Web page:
The attack serves as a reminder that an effective cybersecurity strategy begins with cyber asset management, according to Neilson.

"The most critical proactive step IT leaders can take to mitigate the risk for ransomware attacks is to take full inventory of all cyber assets hosted within their company’s IT environment. Once comprehensive, real-time visibility of all data is secured, companies can establish security and governance practices across the entire cloud landscape, significantly minimizing the potential attack surface," he said.

North Korean hackers targeting healthcare

It's been an alarming week for cybersecurity in healthcare, as the federal officials issued a warning that hackers sponsored by North Korea's government have been using the Maui ransomware to target healthcare and public health services providers since last May.

The FBI, the Cybersecurity and Infrastructure Security Agency and the Treasury Department released a joint cybersecurity advisory about the ransomware threat.

Federal officials "highly discourage" paying ransoms as doing so does not guarantee files and records will be recovered and may pose sanctions risks, according to the advisory.

In the past year, the FBI has observed and responded to multiple Maui ransomware incidents at healthcare and public health sector organizations. North Korean state-sponsored cyber actors used Maui ransomware in these incidents to encrypt servers responsible for healthcare services—including electronic health records services, diagnostics services, imaging services and intranet services, according to the agency.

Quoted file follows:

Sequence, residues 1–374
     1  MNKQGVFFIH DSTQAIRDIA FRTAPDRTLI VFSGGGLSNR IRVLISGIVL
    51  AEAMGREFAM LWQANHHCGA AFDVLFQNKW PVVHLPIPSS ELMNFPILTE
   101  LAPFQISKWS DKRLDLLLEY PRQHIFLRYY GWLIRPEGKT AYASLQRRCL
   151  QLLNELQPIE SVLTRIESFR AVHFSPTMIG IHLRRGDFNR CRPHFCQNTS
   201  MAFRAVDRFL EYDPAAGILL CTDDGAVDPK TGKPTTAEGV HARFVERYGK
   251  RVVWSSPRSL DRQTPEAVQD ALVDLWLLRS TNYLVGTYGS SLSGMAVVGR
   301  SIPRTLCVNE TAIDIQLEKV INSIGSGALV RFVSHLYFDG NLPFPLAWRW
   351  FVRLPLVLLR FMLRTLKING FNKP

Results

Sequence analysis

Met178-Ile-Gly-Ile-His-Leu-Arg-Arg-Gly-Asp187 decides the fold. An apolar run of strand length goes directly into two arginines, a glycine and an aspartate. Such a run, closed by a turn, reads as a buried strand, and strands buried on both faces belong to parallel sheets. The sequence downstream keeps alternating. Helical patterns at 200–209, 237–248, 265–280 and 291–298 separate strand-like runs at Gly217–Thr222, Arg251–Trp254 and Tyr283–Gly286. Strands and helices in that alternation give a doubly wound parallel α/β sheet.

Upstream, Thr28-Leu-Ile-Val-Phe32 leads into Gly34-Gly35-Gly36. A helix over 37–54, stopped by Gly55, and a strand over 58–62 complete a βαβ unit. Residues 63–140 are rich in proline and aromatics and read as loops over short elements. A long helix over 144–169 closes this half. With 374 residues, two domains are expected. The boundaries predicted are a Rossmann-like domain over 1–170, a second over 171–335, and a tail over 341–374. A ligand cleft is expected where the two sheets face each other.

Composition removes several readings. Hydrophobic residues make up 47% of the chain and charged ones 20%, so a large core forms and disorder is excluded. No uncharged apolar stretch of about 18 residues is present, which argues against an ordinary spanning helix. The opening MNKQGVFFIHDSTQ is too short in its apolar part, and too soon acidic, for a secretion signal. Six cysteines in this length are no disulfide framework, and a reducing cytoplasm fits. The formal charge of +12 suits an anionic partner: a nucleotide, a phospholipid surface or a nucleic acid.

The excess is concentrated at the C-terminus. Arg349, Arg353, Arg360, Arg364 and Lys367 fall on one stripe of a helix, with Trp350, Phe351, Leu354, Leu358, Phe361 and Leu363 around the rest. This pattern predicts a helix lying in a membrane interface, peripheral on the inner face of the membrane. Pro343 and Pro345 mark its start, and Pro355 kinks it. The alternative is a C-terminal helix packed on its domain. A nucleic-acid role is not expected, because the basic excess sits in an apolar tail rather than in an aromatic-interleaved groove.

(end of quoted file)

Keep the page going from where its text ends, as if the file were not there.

The advisory says that Maui ransomware, known as maui.exe, is an encryption binary designed for manual execution by a remote actor using command-line interface to identify files to encrypt.

The FBI says North Korean state-sponsored cyber actors are using ransomware against healthcare organizations because the hackers believe providers are more willing to pay the ransom to retrieve their files.

The federal agencies recommend healthcare organizations maintain offline (i.e., physically disconnected) backups of data, and regularly test backup and restoration. Organizations also should ensure all backup data are encrypted, immutable (i.e., cannot be altered or deleted) and cover the entire organization’s data infrastructure. 

Hospitals and health systems also need to create, maintain and exercise a basic cyber incident response plan and associated communications plan that includes response procedures for a ransomware incident.

According to the agencies, installing updates for operating systems, software and firmware as soon as they are released also is critical to mitigate risks. Timely patching is one of the most efficient and cost-effective steps an organization can take to minimize its exposure to cybersecurity threats.

The agencies also recommend healthcare organizations turn off network device management interfaces such as for wide area networks and secure with strong passwords and encryption when enabled, secure personal identifiable information/patient health information at collection points, encrypt the data at rest and in transit and implement and enforce multilayer network segmentation.